1. If you have received a CPO3A Notice (the notice number will appear in the upper right hand corner of the form) from the IRS and are not sure what action is required, follow this link:,,id=227895,00.html
  2.  Are any of the following circumstances applicable to your situation?
  •  You have sold the home which you purchased in 2009 or 2010 for which you received the tax credit,    OR
  •  You are no longer using the home as your “main home”

If so, use this link:  If needed, Federal Form 5405 can be obtained from this website: 

 Addtional information on this subject follows: (more…)

IRS Provides Guidance & Procedures for New Homebuyer Credit

Friday, January 15th, 2010

The requirements to qualify for and receive the new homebuyer credit has been a “work-in-progress” provision of the Federal tax regulations for many months.  Initially promulgated via the  Housing and Economic Recovery Act of 2008 the law provided for a new refundable tax credit for individuals who were qualified first-time homebuyers of a principal residence in the United States. For 2008, the credit applied to the purchase of a principal residence which was purchased after April 8, 2008, and on or before December 31, 2008.  It provided qualified taxpayers with a one-time tax credit in the year of purchase.   However, the law required that the credit be repaid over a 15-year period.  It was in essence an interest free loan.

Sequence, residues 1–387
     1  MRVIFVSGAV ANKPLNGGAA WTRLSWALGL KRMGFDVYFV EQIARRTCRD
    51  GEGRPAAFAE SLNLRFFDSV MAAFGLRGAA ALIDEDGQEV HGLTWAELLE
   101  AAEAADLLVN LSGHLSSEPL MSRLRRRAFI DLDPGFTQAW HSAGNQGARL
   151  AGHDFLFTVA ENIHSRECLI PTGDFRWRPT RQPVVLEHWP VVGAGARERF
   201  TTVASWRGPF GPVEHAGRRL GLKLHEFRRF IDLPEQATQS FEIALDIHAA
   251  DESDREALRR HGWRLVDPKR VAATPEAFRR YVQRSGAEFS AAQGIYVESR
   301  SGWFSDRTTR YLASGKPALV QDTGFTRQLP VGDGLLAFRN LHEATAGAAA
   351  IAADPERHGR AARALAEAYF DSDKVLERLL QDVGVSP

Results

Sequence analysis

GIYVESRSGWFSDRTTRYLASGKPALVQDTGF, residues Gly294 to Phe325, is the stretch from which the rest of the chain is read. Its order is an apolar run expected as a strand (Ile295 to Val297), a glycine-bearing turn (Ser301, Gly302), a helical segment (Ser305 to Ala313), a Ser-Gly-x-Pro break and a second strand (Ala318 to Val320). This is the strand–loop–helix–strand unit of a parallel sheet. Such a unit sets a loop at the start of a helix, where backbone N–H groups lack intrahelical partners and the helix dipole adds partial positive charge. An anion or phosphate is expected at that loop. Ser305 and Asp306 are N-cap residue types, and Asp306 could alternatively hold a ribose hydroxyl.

In 2009 the law was changed to provide for the tax credit with no re-payment requirement.  However, it was still limited to first time homebuyers.  It was due to expire on November 30, 2009.  Then on November 6th Congress and the President extended the provisions of the law  in to 2010 to include a home purchased after November 6th and on contract on or before April 30, 2010.  The actual closing must occur on or before June 30, 2010.  The credit is claimed using Form 5405 which is filed along with the individual tax return.  That form was recently revised by the Internal Revenue Service but the documentation requirements are significantly more stringent.  However, several written documents must be included with the tax return and the Form 5405. Taxpayers also can not file their tax returns electronically, and must paper file.  This requirement not only extends the time frame for the receipt of a tax refund, it also increases the risk that an administration processing error may occur or that tax returns may be questioned by the IRS.  Instructions for the completion of the Form 5405 and the associated required supporting documentation can be found on the IRS website (   Here is the information that was provided by the IRS today: